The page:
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Zurich American Insurance Co. v. European Tile & Floors, Inc.

United States District Court, M.D. Florida, Tampa Division

June 6, 2017

ZURICH AMERICAN INSURANCE COMPANY, as successor by merger to MARYLAND CASUALTY COMPANY, Plaintiff,
v.
EUROPEAN TILE AND FLOORS, INC., and ROBERT A. DALZELL, INC., Defendants.

          ORDER

          VIRGINIA M. HERNANDEZ COVINGTON, UNITED STATES DISTRICT JUDGE

         This matter comes before the Court pursuant to Defendant Robert A. Dalzell, Inc.'s Motion in Limine to Bar Evidence of a Requirement of Written, as Opposed to Oral, Notice of Claim (Doc. # 71), which was filed on May 15, 2017. Plaintiff Zurich American Insurance Company filed a Response in Opposition to the Motion on May 30, 2017. (Doc. # 73). The Court denies the Motion as discussed below.

         I. Legal Standard

         “A motion in limine presents a pretrial issue of admissibility of evidence that is likely to arise at trial, and as such, the order, like any other interlocutory order, remains subject to reconsideration by the court throughout the trial.” In re Seroquel Prods. Liab. Litig., Nos. 6:06-md-1769-Orl-22DAB, 6:07-cv-15733-Orl-22DAB, 2009 WL 260989, at *1 (M.D. Fla. Feb. 4, 2009). “The real purpose of a motion in limine is to give the trial judge notice of the movant's position so as to avoid the introduction of damaging evidence which may irretrievably effect the fairness of the trial. A court has the power to exclude evidence in limine only when evidence is clearly inadmissible on all potential grounds.” Id. (internal quotation omitted).

         “A motion in limine is not the proper vehicle to resolve substantive issues, to test issues of law, or to address or narrow the issues to be tried.” LSQ Funding Grp. v. EDS Field Servs., 879 F.Supp.2d 1320, 1337 (M.D. Fla. 2012) (citing Royal Indem. Co. v. Liberty Mut. Fire Ins. Co., No. 07-80172-CIV, 2008 WL 2323900, at *1 (S.D. Fla. June 5, 2008)). “Denial of a motion in limine does not necessarily mean that all evidence contemplated by the motion will be admitted at trial.” In re Seroquel, 2009 WL 260989, at *1 (internal quotation marks omitted). “Instead, denial of the motion means the court cannot determine whether the evidence in question should be excluded outside the trial context.” Id. “The court will entertain objections on individual proffers as they arise at trial, even though the proffer falls within the scope of a denied motion in limine.” Id.

         The district court has broad discretion to determine the admissibility of evidence, and the appellate court will not disturb this Court's judgment absent a clear abuse of discretion. United States v. McLean, 138 F.3d 1398, 1403 (11th Cir. 1998); see also United States v. Jernigan, 341 F.3d 1273, 1285 (11th Cir. 2003)(“Inherent in this standard is the firm recognition that there are difficult evidentiary rulings that turn on matters uniquely within the purview of the district court, which has first-hand access to documentary evidence and is physically proximate to testifying witnesses and the jury.”).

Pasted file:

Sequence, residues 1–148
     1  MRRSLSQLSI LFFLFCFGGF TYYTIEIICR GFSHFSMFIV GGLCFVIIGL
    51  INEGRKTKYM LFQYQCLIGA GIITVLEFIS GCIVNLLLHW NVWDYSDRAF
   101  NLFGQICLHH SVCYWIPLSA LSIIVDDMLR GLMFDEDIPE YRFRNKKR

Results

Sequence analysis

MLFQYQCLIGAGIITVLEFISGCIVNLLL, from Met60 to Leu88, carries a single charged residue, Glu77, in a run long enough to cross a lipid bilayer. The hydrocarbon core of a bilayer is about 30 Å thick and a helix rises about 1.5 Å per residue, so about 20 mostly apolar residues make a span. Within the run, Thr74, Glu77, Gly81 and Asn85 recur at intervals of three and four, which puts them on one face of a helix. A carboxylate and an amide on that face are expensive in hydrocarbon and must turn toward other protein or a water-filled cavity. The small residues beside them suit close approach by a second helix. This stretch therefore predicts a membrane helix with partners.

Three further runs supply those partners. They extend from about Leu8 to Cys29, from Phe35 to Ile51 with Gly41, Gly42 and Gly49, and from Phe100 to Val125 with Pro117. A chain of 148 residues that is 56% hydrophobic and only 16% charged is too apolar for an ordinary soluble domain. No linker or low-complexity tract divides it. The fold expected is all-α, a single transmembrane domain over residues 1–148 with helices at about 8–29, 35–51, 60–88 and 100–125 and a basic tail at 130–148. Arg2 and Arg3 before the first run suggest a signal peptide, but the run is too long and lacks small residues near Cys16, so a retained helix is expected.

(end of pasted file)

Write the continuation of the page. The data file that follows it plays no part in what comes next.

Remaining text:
II. Analysis

         A. Background

         This is an insurance coverage dispute with a unique cast of characters. The case involves three separate lawsuits. In the first lawsuit, Robert A. Dalzell, Inc. sued European (a tile company) and Ellis (owner of European) based on European's sending unsolicited faxes in violation of the Telephone Consumer Protection Act. The first lawsuit ended with the entry of a $2.1 million dollar judgment in favor of Dalzell and against European. However, at the time of the entry of judgment, European was out of business and Ellis was bankrupt. The second lawsuit came about when Dalzell realized that European was insured by Zurich and that the relevant insurance policy potentially covered advertising injuries. Specifically, Robert A. Dalzell, Inc. filed a lawsuit against Zurich in an Illinois state court to collect on the $2.1 million dollar judgment. Thereafter, Zurich initiated the present, third lawsuit in this Court against European and Dalzell seeking a declaration that no coverage exists and a finding that it is not required to pay any monies.

         B. Dalzell's Motion in Limine

         Zurich's relevant insurance policy contains the following requirements, including that all claims be submitted in writing:

2. Duties In The Event Of Occurrence, Offense, Claim Or Suit
b. If a claim is made or “suit” is brought against any insured, you must:
(1) Immediately record the specifics of the claim or “suit” and the ...

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